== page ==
There were 1,554 households out of which 24.8% had children under the age of 18 living with them, 39.9% were married couples living together, 14.5% had a female householder with no husband present, and 42.5% were non-families. 40.3% of all households were made up of individuals living alone and 22.1% had someone living alone who was 65 years of age or older. The average household size was 2.12 and the average family size was 2.84.

In the city the population was spread out with 18.0% under the age of 18, 19.1% from 20 to 24, 23.1% from 25 to 44, 19.1% from 45 to 64, and 20.6% who were 65 years of age or older. The median age was 36 years. For every 100 females there were 83.8 males. For every 100 females age 18 and over, there were 78.6 males.

The median income for a household in the city was $22,861, and the median income for a family was $31,344. Males had a median income of $23,906 versus $21,000 for females. The per capita income for the city was $17,836. About 19.9% of families and 26.6% of the population were below the poverty line, including 39.4% of those under age 18 and 17.9% of those age 65 or over.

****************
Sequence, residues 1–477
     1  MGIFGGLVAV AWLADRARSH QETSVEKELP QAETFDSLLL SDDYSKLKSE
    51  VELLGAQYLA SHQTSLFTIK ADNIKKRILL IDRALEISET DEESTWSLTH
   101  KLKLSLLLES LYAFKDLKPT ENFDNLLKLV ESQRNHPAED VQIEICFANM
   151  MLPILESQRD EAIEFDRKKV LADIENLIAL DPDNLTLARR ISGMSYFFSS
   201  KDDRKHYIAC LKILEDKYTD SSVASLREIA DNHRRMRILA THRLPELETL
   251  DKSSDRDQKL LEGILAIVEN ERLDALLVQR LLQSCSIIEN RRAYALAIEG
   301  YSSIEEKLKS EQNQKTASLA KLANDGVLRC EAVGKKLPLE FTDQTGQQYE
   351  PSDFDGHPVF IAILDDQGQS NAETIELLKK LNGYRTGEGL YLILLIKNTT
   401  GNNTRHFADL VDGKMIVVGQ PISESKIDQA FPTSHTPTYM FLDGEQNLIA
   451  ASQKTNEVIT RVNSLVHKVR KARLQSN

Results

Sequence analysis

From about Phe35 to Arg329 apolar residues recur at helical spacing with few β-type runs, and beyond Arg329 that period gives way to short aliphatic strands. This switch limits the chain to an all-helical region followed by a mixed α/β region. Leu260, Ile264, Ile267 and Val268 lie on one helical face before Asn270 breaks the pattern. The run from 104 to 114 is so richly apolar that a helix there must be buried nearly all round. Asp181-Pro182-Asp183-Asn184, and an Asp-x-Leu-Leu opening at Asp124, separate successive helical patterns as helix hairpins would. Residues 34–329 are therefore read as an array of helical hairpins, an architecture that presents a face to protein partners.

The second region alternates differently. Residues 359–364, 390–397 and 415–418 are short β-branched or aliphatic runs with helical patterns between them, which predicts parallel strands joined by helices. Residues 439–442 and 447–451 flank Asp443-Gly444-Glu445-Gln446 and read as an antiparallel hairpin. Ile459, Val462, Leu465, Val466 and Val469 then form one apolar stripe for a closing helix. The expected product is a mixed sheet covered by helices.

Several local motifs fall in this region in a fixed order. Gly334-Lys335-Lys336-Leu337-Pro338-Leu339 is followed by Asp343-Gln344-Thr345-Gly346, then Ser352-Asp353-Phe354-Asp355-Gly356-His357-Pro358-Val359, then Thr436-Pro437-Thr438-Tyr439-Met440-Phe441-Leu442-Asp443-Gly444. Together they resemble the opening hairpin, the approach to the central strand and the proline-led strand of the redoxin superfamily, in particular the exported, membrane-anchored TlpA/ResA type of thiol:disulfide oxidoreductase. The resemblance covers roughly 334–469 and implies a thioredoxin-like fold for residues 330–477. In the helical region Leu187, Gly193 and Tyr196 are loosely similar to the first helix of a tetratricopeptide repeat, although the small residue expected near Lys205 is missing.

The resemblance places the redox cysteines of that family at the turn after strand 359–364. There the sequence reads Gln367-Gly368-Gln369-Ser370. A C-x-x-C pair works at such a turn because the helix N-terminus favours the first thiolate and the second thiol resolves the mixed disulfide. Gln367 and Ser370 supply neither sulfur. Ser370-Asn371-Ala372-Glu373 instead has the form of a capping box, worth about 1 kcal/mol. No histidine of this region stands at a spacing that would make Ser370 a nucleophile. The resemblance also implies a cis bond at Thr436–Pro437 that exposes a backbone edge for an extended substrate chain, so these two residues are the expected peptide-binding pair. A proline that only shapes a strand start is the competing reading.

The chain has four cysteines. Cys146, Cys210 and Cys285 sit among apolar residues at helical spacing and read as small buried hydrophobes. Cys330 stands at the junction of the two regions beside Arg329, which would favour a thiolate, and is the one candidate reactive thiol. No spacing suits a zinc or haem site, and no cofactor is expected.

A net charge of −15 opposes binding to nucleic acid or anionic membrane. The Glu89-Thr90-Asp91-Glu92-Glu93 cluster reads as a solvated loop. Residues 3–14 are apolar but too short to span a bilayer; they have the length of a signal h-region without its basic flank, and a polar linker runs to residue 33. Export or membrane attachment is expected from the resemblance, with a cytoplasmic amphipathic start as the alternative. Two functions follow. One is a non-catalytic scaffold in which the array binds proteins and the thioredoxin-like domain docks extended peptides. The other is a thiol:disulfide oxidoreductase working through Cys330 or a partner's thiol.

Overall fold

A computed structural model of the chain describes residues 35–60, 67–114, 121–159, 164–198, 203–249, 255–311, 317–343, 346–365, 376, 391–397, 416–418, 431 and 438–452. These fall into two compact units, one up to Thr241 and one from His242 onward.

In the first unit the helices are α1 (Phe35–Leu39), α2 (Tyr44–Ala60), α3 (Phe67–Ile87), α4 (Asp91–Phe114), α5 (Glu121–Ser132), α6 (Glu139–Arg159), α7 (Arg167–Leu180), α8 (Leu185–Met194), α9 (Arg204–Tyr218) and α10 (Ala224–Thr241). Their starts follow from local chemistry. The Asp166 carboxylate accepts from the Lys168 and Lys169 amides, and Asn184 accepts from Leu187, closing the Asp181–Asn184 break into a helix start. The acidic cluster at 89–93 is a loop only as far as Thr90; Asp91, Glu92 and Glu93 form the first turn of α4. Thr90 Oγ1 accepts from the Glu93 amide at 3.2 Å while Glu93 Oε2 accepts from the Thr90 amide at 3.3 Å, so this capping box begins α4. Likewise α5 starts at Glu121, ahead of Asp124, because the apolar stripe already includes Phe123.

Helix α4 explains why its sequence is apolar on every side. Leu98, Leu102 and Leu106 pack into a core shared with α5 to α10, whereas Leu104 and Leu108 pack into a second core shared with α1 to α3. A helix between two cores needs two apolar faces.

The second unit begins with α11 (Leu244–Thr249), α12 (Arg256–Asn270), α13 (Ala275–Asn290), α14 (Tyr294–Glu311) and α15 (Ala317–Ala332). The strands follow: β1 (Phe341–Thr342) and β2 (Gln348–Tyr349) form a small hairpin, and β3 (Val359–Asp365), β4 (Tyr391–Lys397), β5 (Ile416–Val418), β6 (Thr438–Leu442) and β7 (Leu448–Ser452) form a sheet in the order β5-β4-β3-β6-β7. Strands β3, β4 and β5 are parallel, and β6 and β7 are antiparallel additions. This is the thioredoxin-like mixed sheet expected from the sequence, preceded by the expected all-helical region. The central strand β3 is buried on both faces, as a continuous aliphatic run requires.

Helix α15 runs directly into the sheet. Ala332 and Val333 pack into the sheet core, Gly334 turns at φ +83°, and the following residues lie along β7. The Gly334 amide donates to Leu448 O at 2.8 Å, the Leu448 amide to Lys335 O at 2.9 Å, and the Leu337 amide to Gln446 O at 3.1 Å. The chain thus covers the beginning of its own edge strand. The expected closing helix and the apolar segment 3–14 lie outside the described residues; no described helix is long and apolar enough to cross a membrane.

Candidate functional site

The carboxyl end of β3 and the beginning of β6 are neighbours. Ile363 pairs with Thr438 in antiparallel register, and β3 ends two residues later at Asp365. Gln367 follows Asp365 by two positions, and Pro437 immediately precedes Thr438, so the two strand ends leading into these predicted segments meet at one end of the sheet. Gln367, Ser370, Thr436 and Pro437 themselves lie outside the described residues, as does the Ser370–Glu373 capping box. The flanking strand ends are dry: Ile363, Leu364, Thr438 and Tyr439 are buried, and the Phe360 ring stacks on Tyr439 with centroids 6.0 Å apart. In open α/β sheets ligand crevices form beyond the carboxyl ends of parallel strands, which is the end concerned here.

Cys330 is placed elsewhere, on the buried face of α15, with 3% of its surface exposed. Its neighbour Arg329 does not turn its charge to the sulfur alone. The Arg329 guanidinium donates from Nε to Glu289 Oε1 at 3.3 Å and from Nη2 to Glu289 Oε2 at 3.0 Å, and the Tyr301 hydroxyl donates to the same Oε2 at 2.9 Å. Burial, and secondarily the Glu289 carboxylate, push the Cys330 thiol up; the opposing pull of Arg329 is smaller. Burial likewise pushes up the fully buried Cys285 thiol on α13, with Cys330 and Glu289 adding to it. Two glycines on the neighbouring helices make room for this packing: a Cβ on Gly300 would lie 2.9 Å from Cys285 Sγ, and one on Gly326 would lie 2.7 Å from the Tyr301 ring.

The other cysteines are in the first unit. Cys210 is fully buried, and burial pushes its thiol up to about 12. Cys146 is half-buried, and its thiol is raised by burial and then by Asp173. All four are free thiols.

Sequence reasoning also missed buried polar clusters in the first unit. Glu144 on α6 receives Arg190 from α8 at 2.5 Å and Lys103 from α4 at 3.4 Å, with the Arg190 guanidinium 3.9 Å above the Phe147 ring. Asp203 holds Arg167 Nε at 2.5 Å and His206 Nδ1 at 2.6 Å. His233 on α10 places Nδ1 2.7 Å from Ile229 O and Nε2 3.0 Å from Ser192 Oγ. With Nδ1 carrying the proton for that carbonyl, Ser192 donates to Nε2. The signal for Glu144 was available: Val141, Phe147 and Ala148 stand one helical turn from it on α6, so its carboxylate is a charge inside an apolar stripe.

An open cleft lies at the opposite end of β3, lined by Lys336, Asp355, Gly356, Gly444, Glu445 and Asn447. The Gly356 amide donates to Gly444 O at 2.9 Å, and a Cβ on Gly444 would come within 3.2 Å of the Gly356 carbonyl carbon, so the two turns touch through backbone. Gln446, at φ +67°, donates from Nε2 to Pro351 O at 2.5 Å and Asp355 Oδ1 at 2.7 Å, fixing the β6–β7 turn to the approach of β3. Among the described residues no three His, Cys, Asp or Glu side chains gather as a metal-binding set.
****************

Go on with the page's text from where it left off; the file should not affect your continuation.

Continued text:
Arts and culture[edit]

Events[edit]

Events held in Columbia, Kentucky:

  • Downtown Days, two-day festival on the streets of downtown Columbia. The event includes a parade, a beauty pageant, reenactment of the James/Younger Bank of Columbia robbery, 5-K run, pet show, train rides for the kids, kids carnival, face painting, inflatables, live entertainment, food, fun, clowns, choirs, and more.

Education[edit]

Public schools[edit]

Columbia Public Schools are part of the Adair County Schools School District.[4] Schools in the district include:

  • Adair County Elementary School (Kindergarten, 1st, 2nd, 3rd, 4th, 5th Grade Students from County)
  • Adair County Primary School ( Pre-school, Kindergarten, 1st,& 2nd Grade Students from City)

Colleges and universities[edit]

Lindsey Wilson College, a private four-year college.

Media[edit]

Media in Columbia include:

Infrastructure[edit]